• Download the Day of Action image for use here.
  • Download our Social Media Toolkit here.

Endorsing Organizations:

Thank you to the following organizations, as well as the dozens of individuals, who have endorsed the 2016 Day of Action to End Violence Against Women Living with HIV! Add your organization to this list by endorsing the Day of Action here.

AIDS Athens
AIDS Foundation of Chicago
AIDS United
Arkansas HIV Planning Group
Arkansas RAPPS
BABES Network – YWCA
BOOM!Health
Boulder Community Health
Cascade AIDS Project
Center for Health and Gender Equity (CHANGE)
Center for HIV Law and Policy (CHLP)
Chicago Women’s AIDS Project
Christie’s Place
Colorado Health Network, Inc.
Colorado Organization for Latina Opportunity and Reproductive Rights (COLOR)
CORA- Colorado Organizations Responding to AIDS
Counter Narrative Project
Desiree Alliance
Forward Together
Harm Reduction Coalition
HEMA Universal Life Community Services, Inc
HIV Disclosure Project
HIV Justice Network
HIV Modernization Movement – Indiana
HIV Prevention Justice Alliance
HIVE
iknowAwareness LLC
Legacy Community Health
Living in 3-D
Missouri HIV Justice Coalition
National LGBTQ Task Force
National Network to End Domestic Violence (NNEDV)
National Working Positive Coalition
NMAC
Older Women Embracing Life (OWEL), Inc.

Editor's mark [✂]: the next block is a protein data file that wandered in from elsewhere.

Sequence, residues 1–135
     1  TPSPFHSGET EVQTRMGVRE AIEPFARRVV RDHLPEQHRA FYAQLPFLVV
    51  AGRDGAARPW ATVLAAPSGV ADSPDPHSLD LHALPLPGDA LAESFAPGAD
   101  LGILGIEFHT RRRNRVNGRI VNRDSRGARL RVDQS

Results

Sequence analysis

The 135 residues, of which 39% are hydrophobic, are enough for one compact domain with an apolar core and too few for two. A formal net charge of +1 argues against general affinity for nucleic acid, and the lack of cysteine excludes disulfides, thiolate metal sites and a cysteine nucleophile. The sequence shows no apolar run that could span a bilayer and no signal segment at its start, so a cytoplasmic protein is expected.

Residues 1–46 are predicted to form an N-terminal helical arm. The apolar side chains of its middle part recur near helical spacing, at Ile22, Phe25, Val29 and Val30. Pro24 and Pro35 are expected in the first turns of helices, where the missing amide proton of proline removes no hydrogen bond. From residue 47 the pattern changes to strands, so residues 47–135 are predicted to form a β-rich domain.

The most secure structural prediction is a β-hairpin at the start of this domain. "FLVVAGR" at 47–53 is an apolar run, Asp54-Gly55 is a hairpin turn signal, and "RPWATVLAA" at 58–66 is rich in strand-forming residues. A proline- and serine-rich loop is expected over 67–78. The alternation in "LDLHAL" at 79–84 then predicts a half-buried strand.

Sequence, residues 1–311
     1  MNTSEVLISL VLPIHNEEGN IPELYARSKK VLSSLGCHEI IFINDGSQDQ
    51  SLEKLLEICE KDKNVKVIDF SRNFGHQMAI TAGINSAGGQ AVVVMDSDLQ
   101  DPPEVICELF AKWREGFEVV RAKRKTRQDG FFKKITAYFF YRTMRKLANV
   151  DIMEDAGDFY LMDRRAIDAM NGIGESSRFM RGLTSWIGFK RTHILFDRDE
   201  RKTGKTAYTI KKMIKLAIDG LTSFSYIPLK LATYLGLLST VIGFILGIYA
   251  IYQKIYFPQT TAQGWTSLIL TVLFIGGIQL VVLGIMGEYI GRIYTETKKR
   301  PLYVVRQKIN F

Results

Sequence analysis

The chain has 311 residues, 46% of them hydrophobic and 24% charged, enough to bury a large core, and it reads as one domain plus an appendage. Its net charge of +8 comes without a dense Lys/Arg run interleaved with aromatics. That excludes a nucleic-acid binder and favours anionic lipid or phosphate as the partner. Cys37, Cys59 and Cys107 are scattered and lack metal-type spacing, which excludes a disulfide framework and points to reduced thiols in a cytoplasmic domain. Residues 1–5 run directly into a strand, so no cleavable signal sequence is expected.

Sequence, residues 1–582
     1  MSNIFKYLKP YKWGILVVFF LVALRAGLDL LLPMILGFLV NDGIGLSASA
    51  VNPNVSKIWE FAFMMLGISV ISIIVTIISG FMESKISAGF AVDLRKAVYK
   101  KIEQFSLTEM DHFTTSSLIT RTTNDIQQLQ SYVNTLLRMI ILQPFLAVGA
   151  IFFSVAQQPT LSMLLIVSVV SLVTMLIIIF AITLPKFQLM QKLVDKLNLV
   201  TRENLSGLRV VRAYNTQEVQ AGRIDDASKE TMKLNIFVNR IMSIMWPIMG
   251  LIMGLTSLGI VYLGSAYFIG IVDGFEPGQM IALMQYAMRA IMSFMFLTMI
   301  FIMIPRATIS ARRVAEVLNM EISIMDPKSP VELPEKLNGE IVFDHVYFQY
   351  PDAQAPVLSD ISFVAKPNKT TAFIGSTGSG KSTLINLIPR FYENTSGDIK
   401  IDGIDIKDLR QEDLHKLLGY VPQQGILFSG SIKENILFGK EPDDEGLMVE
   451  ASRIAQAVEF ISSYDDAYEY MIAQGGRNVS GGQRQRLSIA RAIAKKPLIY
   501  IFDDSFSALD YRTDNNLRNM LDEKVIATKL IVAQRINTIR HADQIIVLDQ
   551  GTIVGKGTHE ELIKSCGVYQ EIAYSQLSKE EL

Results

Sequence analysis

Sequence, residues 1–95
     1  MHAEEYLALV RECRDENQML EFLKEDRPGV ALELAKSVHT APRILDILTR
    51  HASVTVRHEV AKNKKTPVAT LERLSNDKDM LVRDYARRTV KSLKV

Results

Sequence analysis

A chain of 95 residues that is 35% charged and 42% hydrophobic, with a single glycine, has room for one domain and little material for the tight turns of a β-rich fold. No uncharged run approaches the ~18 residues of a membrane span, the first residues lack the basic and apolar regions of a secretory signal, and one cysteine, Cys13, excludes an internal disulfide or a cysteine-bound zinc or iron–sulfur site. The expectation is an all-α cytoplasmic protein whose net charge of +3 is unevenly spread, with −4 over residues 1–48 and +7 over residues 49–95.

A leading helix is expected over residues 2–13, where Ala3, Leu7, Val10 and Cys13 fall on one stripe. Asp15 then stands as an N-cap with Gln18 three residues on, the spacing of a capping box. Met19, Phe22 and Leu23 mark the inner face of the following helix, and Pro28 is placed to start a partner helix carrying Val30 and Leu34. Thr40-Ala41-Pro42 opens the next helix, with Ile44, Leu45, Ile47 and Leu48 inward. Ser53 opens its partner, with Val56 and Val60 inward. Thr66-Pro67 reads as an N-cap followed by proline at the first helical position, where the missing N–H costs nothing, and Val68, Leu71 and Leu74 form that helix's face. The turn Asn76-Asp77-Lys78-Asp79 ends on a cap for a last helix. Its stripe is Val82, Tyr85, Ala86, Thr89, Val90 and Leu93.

Positive Women Victoria
Positively Beautiful
Pozitively Dee on BlogTalk Radio
Prevention Access Campaign
Progressive Congress Action Fund
Project Inform
PWN-USA Georgia
PWN-USA Ohio
Rad Care
RiseUpToHIV, Inc.
SassiSixties
Sexuality Information and Education Council of the United States (SIECUS)
SisterReach
SisterSong: National Women of Color Reproductive Justice Collective
Southern AIDS Coalition
The Well Project
Treatment Educat10n Network

[1] 30 for 30 Campaign. “Structural and Personal Violence: Connected Drivers of Women’s HIV Acquisition and Compromisers of Health Outcomes for Women Living with HIV.” August 2016. http://30for30campaign.org/wp-content/uploads/2016/08/HIV_StructuralViolence_PolicyBrief_FINAL.pdf.

[2] Centers for Disease Control and Prevention. “Intersection of Intimate Partner Violence and HIV in Women.” February 2014.  https://www.cdc.gov/violenceprevention/pdf/ipv/13_243567_green_aag-a.pdf.